Follow by Email

Saturday, 7 February 2009

Why Gaza should not have been a surprise

With the extensive heat wave recently I have been sitting up late reading while waiting for the house to cool down. Robert Fisk's Pity the Nation is probably not ideal reading late at night. Its appalling first hand accounts of the carnage in Lebanon through the mid 1970s and 1980s makes for disturbing reading. Few of the political leaders, whether inside or outside Lebanon, emerge with any credibility from the maelstrom.

Fisk is concerned to put faces and names, to personalise the victims and to seek the truth as to what happened in a variety of massacres.

The relevance of the dynamics of Israeli engagement in Lebanon for the situation in Gaza became clear as I read the account of war between the Palestinians and Israel in Beirut in the late 1970s and early 1980s. Acquaintenance with what happened in Lebanon during the 1970's and 1980's should have prepared us for what happened in Gaza.

The dynamics of guerilla provocation by the Palestinians of the Israelis, followed by responses that had nothing to do with either proportion or had any clearly thought through political aim, followed by massacres for which Israeli military forces were directly responsible, or at least accountable for, that were then denied or ignored by the Israeli Government.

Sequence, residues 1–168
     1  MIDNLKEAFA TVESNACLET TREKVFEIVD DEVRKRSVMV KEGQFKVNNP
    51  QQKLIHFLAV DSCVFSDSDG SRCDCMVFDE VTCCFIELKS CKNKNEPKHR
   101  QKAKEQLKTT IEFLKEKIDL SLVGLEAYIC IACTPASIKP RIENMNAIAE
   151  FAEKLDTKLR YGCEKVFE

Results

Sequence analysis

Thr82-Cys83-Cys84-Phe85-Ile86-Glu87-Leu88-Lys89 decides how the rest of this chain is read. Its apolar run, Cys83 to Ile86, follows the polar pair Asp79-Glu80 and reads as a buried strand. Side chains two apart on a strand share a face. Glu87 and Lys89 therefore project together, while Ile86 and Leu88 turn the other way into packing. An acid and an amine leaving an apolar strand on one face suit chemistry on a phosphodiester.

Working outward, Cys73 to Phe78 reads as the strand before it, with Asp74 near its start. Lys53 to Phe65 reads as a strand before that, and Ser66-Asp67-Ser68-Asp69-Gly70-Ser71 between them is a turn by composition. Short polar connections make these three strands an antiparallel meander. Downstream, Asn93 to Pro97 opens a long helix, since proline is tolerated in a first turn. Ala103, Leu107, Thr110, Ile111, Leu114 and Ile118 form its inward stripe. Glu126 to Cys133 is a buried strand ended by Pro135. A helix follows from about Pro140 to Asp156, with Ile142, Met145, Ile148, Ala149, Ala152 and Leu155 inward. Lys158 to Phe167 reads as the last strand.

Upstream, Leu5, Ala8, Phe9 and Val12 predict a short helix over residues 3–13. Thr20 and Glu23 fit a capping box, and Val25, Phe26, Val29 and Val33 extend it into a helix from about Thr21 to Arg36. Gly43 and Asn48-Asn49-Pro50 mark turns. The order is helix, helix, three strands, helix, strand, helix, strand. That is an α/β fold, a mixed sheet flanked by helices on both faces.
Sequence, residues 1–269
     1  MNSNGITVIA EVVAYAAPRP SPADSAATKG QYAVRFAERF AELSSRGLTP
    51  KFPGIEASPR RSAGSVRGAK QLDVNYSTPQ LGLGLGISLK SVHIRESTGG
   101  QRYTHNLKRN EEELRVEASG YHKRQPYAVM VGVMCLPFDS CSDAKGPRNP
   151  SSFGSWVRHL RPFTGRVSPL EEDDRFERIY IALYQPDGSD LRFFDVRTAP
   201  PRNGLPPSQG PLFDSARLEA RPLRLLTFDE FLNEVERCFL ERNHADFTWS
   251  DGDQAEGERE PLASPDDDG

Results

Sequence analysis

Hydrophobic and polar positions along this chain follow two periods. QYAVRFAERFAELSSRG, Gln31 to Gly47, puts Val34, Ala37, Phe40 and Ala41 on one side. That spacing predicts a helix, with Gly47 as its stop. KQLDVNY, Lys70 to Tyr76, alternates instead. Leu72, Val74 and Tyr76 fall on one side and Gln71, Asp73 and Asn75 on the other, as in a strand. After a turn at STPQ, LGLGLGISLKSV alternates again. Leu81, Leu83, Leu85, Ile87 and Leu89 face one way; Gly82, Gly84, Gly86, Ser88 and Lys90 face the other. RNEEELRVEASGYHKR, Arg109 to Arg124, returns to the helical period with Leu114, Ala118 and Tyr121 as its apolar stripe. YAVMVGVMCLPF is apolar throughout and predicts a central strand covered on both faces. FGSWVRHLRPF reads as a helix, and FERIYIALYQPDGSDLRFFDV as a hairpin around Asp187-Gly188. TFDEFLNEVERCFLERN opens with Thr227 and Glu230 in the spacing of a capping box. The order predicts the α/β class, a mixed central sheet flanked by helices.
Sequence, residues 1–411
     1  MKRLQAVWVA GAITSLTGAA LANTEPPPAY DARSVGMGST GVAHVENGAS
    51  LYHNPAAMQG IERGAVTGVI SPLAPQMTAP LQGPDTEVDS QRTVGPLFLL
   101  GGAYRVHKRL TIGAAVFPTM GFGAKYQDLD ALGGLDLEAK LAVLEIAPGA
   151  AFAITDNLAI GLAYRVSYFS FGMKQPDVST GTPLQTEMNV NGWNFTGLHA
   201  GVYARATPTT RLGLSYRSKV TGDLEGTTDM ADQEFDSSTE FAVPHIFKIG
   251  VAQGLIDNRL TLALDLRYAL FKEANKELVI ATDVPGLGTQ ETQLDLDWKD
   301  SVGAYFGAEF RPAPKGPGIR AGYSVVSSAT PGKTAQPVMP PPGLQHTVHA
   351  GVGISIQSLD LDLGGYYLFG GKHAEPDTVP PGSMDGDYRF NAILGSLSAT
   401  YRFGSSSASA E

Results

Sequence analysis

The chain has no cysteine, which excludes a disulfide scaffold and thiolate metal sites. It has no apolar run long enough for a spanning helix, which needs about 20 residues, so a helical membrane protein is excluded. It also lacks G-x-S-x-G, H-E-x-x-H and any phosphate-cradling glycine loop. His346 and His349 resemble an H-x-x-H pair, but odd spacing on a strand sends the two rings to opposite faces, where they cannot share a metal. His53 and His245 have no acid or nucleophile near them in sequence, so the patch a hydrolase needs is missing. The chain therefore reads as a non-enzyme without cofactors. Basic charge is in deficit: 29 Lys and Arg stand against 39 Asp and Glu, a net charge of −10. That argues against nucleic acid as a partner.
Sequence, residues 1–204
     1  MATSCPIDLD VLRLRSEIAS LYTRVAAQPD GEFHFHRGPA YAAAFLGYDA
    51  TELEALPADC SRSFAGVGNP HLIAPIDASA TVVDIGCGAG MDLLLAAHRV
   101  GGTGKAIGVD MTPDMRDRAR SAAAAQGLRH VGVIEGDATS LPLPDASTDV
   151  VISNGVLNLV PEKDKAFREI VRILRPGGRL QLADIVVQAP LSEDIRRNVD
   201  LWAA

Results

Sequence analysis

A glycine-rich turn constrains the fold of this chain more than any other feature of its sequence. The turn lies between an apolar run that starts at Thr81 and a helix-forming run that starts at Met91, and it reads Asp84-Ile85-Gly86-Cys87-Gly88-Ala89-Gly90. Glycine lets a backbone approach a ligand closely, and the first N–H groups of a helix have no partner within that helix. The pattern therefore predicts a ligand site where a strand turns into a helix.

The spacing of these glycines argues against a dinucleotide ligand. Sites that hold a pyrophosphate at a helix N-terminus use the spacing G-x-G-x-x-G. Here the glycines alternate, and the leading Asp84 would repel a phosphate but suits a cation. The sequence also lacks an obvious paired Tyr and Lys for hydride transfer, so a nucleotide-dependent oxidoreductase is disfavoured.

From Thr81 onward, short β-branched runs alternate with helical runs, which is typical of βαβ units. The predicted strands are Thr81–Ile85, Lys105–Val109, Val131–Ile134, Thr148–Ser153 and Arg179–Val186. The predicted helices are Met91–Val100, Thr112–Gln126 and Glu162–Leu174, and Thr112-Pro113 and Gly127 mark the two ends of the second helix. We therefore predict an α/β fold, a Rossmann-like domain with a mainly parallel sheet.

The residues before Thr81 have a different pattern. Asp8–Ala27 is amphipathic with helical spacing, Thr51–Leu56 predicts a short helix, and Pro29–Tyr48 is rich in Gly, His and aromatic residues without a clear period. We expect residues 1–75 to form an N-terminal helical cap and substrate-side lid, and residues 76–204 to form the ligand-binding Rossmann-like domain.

Civilians and the truth about what had happened both suffereed immense collateral damage in Lebanon.

The media's reporting of Lebanon contained language that dehumanised and distances for Western readers the Palestinians and Lebanese while interpreting Israeli military activity in terms that enabled Western readers to remain comfortable with their perspective.

Fisk reflects on the use of language,the way cliches can remove our ability to make critical judgements about what is happening. His discussion of the use of the temr terrorism when the book was originally published in 1990 was prescient given the events of 2001 and subsequent public debate. (See pages 435 -442 where he unravels the complexity of the issue.

Fisks' reporting is confronting we are not allowed to escape its stench and devastation, nor of the moral corruption that seems to have influenced almost every military force that became engaged in Lebanon over the period covered by the book.

No comments: